Samsung is sticking to its slider guns with the Soul U900, which incorporates modern technology into a classic design. Frills aside, we wanted to make sure that the Soul wasn't a hollow, gimmick-led phone with no oomph.
When we the Samsung Soul at the Mobile World Congress in Barcelona, we didn't understand the fuss. Taking it out of the box months later, we've changed our minds -- not only does it feel weighty enough but on second glance, it's also rather attractive.
The Soul sits just right in our hand. A part metal casing gives it a solid look and feel. Everything is well laid out from the keypad to the screen. Some people might find it too chunky, but we think Samsung's hit the nail on the head, size-wise.
We weren't impressed by LG's attempt at using dual screens on thebut the Soul pulls it off. The navigation touchscreen at the bottom is very responsive and provides an adequate amount of vibrating feedback.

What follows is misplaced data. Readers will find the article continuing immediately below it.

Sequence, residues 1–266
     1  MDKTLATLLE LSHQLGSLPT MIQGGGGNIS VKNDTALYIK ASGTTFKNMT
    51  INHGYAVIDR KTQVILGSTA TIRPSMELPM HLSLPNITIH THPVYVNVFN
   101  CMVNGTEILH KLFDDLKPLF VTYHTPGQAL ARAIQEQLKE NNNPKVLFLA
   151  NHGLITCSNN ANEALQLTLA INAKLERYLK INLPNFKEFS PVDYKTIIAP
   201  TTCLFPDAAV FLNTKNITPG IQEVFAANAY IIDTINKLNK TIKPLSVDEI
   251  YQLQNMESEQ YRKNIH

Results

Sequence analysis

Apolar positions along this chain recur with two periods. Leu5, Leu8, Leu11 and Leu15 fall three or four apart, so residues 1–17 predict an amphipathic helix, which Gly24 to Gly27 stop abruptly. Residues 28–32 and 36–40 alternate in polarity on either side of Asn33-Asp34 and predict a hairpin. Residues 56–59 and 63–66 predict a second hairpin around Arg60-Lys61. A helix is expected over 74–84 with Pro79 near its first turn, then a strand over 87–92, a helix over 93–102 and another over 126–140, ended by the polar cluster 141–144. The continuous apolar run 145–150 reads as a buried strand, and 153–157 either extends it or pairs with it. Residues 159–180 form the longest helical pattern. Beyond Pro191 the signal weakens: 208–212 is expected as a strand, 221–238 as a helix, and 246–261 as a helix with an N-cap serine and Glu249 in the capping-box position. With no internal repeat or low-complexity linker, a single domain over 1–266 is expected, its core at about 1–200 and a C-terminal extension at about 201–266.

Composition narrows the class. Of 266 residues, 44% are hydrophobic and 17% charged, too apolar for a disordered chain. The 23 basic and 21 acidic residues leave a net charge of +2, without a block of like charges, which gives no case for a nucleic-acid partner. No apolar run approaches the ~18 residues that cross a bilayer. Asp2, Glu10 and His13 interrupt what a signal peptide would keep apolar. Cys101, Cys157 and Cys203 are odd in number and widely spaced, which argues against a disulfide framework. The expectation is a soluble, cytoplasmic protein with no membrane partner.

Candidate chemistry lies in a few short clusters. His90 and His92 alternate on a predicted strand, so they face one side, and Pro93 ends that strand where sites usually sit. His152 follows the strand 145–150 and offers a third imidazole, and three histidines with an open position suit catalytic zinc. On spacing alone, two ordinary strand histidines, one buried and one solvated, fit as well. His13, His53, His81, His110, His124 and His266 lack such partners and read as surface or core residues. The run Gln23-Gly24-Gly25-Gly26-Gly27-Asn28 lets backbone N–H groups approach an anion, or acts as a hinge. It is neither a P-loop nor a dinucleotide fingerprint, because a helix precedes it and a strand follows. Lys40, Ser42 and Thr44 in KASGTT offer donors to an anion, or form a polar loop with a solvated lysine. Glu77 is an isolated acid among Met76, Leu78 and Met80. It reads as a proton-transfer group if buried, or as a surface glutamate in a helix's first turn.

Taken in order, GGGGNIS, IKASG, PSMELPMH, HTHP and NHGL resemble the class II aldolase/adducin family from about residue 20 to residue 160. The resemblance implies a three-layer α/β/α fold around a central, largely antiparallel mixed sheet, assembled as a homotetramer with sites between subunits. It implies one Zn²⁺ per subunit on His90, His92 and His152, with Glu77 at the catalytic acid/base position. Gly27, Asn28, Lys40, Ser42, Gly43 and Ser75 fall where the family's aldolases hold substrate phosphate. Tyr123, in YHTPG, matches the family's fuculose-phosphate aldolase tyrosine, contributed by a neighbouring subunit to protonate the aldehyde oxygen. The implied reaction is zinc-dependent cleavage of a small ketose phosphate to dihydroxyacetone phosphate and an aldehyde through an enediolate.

Fortunately, all the heavily-used keys such as cancel and soft keys are mechanical. You can avoid the irritation of deleting a whole text message -- as you could on the-- when you mistakenly brushed the touch-sensitive cancel key.
It looks like Samsung acknowledges its past mistakes and has cleverly engineered the Soul. The 5-megapixel camera, for example, is protected behind the slide mechanism, which is a small detail that adds to the overall user experience.
The aim of having a navigation touchscreen seemed redundant at first, but starts to make sense when you use the Soul. When you access an app such as the camera, it offers a series of camera keys making it easier to change all the settings.